Standing for Europe: Citizens' perceptions of European symbols as evidence of a “banal Europeanism”?

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François Foret and Noemi Trino
Nations and Nationalism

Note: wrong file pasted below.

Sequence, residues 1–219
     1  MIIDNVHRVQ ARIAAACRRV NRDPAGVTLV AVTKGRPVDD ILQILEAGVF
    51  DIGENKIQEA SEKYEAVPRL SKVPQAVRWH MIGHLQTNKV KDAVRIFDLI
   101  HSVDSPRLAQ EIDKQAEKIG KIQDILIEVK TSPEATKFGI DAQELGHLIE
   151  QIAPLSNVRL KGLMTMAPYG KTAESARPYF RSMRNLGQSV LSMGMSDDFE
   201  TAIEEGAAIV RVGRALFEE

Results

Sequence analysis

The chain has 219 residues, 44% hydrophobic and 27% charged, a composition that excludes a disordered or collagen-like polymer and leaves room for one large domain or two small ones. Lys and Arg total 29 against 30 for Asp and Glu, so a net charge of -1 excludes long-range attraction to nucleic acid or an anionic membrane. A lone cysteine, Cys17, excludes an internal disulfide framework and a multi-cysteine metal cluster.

This article analyses the perception of the symbols of the European Union (EU) by citizens. Relying on a survey of a representative sample of the population in eight countries (France, Germany, Hungary, Italy, Poland, Romania, Spain and the United Kingdom) carried out in December 2020, it investigates to which extent these symbols are considered as good representations of the EU and differences related to political, cultural, social and economic belongings. Empirically, our findings show a large acknowledgement of these symbols in congruence with general attitudes towards the EU. Theoretically, it offers some evidence of the existence of a “banal Europeanism” taking - to a certain extent - European symbolism as granted in contrast with its politicisation in elite discursive struggles.